Bookstagram, Discussion

Discussion: Monetizing Bookstagram and Book Blogs

An interesting discussion crossed my Twitter feed this week.

I’ve been in the bookish blogging world for almost 8 years now and talk of making money from book blogging has almost been taboo.

Sure, some people are Amazon affiliates. Other use GoogleAds on their self hosted sites. Maybe you’re an affiliate for a company but most of the time you get ‘paid’ in free product or credits. I don’t really see anyone making sufficient money from book blogging the way we see other bloggers do.

Why is the idea of getting paid for doing what you love so bad?

If you’re here, you’re likely a book blogger or bookstagrammer. How much time in a week do you spend on this hobby?

I can spend an hour or so of taking photos & editing them. Posting & interacting on bookstagram? Hour a day (usually spread out). Writing blog posts? Hour or two. That’s not even counting all the time I ‘need’ to read to keep up with that all. All that? That’s about 8-10 hours for a labor of love that’s primarily focused on promoting other people’s books or products.

Would I like a bit of monetary compensation for this? Heck yeah! [Likely the money would just be spent on more books or eventual self hosting.]

Paying for reviews is obviously still a big no-no so where does that leave book bloggers/bookstagrammers?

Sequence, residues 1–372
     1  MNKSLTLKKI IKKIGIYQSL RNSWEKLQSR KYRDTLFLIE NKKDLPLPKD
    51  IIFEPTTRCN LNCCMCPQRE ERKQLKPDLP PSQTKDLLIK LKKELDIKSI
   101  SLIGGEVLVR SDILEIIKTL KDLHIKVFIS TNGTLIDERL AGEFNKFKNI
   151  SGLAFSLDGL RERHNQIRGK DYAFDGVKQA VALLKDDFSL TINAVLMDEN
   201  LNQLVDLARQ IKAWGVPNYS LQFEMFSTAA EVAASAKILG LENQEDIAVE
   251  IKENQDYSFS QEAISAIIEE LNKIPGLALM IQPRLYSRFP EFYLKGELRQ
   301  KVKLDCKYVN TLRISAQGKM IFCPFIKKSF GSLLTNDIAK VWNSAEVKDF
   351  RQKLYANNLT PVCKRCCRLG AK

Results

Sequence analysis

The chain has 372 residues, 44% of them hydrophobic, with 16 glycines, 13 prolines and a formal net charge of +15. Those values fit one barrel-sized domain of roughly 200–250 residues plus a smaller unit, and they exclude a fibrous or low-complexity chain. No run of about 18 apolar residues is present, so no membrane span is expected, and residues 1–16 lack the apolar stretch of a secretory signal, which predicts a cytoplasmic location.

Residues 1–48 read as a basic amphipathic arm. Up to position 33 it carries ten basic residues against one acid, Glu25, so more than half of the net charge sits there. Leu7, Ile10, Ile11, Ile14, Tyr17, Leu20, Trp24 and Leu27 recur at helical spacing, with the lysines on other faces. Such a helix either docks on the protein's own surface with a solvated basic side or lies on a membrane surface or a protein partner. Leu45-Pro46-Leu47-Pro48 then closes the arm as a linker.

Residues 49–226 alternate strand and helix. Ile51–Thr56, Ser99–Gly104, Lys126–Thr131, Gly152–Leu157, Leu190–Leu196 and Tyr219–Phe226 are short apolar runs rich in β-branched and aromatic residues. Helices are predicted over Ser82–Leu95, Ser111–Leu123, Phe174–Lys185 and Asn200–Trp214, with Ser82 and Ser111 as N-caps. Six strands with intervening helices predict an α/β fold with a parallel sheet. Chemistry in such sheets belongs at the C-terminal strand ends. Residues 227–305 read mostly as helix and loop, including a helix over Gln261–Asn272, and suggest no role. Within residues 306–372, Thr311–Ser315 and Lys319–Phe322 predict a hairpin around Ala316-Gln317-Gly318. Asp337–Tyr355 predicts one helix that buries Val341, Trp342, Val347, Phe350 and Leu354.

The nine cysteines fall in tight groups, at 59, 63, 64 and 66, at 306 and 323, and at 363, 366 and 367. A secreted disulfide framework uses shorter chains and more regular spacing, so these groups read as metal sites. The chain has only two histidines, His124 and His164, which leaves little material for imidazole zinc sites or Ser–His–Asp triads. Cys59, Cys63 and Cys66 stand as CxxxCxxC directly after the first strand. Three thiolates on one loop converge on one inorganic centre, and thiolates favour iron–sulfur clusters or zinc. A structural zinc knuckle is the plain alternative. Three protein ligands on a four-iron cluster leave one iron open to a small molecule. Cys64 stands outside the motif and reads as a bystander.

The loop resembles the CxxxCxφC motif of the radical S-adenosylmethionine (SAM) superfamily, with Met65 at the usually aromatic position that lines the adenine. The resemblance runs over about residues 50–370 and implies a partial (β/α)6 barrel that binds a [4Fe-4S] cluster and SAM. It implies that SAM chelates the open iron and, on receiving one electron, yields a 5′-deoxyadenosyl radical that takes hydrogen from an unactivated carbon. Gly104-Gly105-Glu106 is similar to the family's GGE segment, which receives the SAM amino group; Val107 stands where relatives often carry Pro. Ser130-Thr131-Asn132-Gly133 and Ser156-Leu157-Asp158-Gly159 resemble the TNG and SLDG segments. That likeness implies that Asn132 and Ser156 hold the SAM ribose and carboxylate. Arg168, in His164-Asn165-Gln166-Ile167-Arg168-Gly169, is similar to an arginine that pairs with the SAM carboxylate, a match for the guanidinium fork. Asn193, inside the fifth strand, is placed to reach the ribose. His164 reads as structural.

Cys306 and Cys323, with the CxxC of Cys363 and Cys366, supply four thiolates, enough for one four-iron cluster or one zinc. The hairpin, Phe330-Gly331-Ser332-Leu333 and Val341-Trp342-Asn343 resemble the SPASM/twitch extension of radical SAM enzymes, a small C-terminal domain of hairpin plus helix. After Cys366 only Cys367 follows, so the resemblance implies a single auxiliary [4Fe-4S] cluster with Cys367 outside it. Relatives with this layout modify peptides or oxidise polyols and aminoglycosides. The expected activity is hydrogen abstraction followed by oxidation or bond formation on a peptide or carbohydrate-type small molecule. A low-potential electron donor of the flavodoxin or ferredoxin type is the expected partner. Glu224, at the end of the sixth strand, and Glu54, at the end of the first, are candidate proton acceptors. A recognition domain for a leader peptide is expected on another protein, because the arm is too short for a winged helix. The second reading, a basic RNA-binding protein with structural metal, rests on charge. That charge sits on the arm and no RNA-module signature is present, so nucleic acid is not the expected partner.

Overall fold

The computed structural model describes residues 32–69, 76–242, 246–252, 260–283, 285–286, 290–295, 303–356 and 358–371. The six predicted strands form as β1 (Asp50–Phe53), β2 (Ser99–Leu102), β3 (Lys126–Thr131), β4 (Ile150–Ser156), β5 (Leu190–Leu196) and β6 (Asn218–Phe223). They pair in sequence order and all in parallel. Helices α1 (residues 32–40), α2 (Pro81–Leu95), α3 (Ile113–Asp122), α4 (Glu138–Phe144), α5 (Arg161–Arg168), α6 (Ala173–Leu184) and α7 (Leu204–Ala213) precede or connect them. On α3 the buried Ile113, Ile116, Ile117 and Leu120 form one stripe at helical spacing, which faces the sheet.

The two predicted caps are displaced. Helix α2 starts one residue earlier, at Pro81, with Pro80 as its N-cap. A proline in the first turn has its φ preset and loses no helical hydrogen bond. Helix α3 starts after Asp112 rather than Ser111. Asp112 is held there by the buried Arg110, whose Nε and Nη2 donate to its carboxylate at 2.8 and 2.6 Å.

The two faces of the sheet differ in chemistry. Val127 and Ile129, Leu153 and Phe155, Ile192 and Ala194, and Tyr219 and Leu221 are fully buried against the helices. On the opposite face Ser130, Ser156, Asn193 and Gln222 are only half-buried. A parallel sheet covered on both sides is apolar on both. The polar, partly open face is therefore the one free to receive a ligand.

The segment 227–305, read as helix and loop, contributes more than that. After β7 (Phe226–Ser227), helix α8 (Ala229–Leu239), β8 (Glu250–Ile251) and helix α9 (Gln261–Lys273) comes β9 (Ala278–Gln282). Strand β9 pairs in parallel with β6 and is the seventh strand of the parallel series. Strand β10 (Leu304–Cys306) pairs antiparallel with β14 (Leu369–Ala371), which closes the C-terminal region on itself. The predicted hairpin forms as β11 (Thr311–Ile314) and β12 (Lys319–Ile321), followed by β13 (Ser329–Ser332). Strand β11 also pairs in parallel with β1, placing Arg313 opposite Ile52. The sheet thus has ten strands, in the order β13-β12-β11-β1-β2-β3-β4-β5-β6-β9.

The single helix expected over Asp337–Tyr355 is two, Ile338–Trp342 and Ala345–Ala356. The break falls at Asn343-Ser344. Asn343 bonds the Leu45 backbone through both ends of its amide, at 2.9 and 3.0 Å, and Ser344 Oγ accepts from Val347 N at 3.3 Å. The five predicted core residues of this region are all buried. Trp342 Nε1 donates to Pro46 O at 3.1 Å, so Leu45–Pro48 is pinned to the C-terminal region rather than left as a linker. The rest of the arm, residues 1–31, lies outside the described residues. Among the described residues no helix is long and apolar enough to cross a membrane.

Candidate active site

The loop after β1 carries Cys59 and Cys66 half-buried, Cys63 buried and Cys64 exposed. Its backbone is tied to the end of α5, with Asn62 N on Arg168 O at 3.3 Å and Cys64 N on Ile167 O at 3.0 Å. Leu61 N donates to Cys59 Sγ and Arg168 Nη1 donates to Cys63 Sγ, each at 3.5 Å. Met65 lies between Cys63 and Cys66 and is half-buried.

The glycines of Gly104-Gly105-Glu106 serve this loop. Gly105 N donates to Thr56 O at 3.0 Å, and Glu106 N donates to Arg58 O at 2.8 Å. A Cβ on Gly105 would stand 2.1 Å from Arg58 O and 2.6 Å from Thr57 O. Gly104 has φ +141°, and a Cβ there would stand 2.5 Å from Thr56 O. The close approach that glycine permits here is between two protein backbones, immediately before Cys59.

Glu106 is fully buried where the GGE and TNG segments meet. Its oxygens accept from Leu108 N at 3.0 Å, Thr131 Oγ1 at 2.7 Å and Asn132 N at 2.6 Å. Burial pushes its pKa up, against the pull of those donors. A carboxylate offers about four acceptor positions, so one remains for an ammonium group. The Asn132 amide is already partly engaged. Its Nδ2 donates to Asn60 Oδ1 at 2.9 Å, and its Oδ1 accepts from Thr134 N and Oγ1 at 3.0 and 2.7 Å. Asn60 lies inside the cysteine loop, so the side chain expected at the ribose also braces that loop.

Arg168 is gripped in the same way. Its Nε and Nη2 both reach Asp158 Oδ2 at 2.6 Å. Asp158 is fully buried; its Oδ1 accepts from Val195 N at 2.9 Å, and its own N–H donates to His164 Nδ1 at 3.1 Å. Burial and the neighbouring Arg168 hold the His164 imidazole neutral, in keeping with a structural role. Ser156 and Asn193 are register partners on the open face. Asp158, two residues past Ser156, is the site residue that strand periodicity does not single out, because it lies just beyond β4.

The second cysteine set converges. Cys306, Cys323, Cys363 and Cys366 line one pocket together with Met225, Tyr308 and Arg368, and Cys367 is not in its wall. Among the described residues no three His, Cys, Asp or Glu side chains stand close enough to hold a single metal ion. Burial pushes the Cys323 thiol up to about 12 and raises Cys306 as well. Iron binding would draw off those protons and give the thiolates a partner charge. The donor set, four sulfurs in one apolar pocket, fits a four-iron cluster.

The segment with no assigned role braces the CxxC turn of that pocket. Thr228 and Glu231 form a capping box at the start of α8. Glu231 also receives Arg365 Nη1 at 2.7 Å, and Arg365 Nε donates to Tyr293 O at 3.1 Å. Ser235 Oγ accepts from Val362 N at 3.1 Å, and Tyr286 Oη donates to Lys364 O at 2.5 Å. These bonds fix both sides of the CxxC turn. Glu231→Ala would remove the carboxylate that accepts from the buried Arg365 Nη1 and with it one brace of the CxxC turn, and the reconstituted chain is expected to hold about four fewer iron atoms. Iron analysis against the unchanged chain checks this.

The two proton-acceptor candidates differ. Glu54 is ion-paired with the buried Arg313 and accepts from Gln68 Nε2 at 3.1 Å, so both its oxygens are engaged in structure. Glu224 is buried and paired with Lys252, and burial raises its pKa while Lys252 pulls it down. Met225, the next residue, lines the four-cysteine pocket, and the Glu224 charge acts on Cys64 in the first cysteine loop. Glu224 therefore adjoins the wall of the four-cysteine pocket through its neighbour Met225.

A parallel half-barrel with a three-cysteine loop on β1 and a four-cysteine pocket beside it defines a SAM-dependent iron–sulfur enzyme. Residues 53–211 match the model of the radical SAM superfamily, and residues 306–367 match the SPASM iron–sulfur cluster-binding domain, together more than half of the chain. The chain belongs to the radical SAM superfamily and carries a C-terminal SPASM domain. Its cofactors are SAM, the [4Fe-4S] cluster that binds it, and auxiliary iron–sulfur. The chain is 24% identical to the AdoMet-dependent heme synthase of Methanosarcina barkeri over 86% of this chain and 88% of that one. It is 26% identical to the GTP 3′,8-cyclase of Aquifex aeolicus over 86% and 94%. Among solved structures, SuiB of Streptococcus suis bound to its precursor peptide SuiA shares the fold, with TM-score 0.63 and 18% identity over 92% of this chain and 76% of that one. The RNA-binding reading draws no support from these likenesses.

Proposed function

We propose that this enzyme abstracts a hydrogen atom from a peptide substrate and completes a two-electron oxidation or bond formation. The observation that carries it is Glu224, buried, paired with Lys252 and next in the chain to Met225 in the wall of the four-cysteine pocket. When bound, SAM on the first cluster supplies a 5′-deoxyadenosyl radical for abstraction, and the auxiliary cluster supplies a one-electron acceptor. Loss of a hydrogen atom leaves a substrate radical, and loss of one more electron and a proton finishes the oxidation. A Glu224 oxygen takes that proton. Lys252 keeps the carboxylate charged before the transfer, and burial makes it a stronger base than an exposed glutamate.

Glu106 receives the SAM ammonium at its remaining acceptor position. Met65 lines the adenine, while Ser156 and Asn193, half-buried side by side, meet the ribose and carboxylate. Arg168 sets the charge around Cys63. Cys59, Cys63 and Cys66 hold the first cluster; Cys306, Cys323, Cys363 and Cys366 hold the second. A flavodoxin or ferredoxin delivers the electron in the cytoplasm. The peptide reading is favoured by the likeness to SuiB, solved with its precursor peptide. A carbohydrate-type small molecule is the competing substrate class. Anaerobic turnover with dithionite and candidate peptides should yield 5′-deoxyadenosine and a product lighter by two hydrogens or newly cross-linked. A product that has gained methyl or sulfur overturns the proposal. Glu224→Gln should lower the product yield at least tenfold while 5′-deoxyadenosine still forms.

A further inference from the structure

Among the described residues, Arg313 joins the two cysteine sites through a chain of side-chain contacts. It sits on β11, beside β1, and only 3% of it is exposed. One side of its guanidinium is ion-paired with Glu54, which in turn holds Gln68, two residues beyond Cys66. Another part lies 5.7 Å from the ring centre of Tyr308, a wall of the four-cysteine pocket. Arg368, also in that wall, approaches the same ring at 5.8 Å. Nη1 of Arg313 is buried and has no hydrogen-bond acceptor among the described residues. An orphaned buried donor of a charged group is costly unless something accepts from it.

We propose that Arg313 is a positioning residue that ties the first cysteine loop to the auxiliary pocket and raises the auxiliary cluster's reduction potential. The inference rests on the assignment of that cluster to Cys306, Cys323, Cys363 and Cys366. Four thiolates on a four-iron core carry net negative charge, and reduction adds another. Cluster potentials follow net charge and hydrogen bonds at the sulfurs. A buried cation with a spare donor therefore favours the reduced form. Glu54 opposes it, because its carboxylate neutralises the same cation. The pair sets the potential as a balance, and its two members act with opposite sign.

Options I’ve seen discussed on the internet.

  • Author doesn’t pay for a review but simply pays for their book to be bumped to the top of the review pile and a review posted quickly.
  • Author pays for a tour post or cover reveal.
    • This doesn’t work on every blog but if a blog has a huge following (1000+ page views a day) this could be a worthwhile investment.
  • Ad placement on blog with GoogleAds or similar programs.
  • Ads hosted by you. Take a look at my sidebar, I’ve got little ‘ads’ for some of my favorite stores. With Canva, it would be super easy to create nice graphics for a store, book, or author that would link to their site/product.
    • $10? a month would be a decent rate.
  • Sponsored post? Depending on the book, it would be really easy to use a book as a starting point for a discussion or book list.
    • X Historical mysteries to add to your TBR pile!
      • To me, that seems like a very natural post and not super gimmicky.
  • For bookstagram: free book + fee to slip the book into X number of photos or X number of photos featuring book.
    • It could be a win-win for everyone.
    • Bookstagrammer gets paid for their work.
      • Should they choose to read/review the book, they would allowed to rate it however they’d like.